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Czech Judge Wants Immunity Suspended for Parliamentarian

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A district court judge in Czechoslovakia has asked that the immunity of Josef Krejsa, who won a seat in the Czech Parliament, be suspended.

The move last week comes after legal proceedings against Krejsa, who is accused of assaulting people at a 1994 Czech-German commemoration at the Theresienstadt ghetto, were halted.

Krejsa, who won his Parliament seat in June, is a member of the far-right Association for the Republic-Republican Party of Czechoslovakia.

All Parliament members here have immunity.

Police charged Krejsa with disorderly conduct after an incident that took place outside the walls of the town of Theresienstadt, which is called Terezin in Czech.

Theresienstadt served as a ghetto between 1941 and 1945, to which about 150,000 Jews, mainly from Central and Western Europe, were deported by the Nazis. Deportees were sent to various death camps in Europe until October 1942, when they began to be sent exclusively to Auschwitz.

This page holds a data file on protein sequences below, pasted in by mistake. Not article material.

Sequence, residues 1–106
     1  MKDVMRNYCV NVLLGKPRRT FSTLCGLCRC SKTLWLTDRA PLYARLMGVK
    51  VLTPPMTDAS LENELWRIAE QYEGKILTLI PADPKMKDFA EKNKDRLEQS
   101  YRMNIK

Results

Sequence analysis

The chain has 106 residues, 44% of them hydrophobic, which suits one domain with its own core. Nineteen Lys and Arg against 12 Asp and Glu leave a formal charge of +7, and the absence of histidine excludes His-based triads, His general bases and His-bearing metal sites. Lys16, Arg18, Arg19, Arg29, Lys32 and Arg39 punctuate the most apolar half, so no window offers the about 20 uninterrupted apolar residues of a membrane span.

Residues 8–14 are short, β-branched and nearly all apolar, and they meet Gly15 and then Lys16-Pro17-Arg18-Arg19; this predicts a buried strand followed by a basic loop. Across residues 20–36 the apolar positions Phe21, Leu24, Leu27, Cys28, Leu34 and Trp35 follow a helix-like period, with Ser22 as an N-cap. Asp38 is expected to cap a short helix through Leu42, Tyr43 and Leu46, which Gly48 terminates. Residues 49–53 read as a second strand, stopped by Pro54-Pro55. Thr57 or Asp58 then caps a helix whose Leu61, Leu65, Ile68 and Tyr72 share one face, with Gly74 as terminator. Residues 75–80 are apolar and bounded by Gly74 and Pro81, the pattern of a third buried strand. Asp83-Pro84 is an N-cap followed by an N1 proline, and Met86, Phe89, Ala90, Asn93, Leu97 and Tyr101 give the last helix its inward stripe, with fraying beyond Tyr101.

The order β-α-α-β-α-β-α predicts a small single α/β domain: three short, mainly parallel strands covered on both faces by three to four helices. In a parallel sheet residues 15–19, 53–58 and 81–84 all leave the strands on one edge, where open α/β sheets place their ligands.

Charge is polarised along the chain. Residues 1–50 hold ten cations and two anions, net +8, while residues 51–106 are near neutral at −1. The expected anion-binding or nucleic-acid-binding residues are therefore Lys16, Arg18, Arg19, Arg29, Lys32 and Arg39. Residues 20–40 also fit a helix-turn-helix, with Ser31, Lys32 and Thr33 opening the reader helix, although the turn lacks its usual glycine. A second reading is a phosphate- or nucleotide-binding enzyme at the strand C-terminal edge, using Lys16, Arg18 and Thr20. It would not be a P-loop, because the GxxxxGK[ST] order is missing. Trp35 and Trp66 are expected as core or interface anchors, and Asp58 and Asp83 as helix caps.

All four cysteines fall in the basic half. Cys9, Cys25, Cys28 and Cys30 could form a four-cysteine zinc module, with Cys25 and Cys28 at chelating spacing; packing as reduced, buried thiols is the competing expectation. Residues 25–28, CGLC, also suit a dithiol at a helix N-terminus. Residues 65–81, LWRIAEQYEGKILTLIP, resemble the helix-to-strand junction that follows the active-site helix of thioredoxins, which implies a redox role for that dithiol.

Five of Krejsa’s companions have been found guilty of disorderly conduct and fined between $75 and $300 each.

One of these men, Lubomir Votava, is now on trial here after being accused of assaulting a television cameraman during a Republican Party rally in October 1994.

Jaroslav Svoboda, the district court judge who requested that Krejsa’s parliamentary immunity be waived, said the verdict in the Votava trial might have bearing on Krejsa’s case.

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